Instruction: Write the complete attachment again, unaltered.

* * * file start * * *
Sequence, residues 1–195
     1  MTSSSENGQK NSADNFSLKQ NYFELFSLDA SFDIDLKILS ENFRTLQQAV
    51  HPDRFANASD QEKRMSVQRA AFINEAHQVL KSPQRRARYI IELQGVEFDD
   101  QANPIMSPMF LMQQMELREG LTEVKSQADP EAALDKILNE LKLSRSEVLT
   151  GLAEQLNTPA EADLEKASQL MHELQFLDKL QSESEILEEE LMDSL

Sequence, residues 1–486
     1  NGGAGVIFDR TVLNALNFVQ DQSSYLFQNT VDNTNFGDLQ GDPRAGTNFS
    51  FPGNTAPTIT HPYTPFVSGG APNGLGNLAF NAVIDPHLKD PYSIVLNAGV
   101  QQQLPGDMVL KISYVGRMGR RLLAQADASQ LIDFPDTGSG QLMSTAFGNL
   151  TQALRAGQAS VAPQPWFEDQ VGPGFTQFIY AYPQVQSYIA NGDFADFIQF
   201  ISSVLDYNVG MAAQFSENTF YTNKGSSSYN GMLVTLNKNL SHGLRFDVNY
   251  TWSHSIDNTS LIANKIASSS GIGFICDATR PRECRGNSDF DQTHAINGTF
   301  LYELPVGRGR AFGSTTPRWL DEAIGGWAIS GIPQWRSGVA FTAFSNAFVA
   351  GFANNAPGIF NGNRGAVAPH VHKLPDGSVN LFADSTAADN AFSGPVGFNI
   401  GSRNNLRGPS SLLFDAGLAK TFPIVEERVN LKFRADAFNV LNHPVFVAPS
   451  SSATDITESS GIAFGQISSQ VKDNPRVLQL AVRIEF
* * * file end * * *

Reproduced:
Sequence, residues 1–195
     1  MTSSSENGQK NSADNFSLKQ NYFELFSLDA SFDIDLKILS ENFRTLQQAV
    51  HPDRFANASD QEKRMSVQRA AFINEAHQVL KSPQRRARYI IELQGVEFDD
   101  QANPIMSPMF LMQQMELREG LTEVKSQADP EAALDKILNE LKLSRSEVLT
   151  GLAEQLNTPA EADLEKASQL MHELQFLDKL QSESEILEEE LMDSL

Sequence, residues 1–486
     1  NGGAGVIFDR TVLNALNFVQ DQSSYLFQNT VDNTNFGDLQ GDPRAGTNFS
    51  FPGNTAPTIT HPYTPFVSGG APNGLGNLAF NAVIDPHLKD PYSIVLNAGV
   101  QQQLPGDMVL KISYVGRMGR RLLAQADASQ LIDFPDTGSG QLMSTAFGNL
   151  TQALRAGQAS VAPQPWFEDQ VGPGFTQFIY AYPQVQSYIA NGDFADFIQF
   201  ISSVLDYNVG MAAQFSENTF YTNKGSSSYN GMLVTLNKNL SHGLRFDVNY
   251  TWSHSIDNTS LIANKIASSS GIGFICDATR PRECRGNSDF DQTHAINGTF
   301  LYELPVGRGR AFGSTTPRWL DEAIGGWAIS GIPQWRSGVA FTAFSNAFVA
   351  GFANNAPGIF NGNRGAVAPH VHKLPDGSVN LFADSTAADN AFSGPVGFNI
   401  GSRNNLRGPS SLLFDAGLAK TFPIVEERVN LKFRADAFNV LNHPVFVAPS
   451  SSATDITESS GIAFGQISSQ VKDNPRVLQL AVRIEF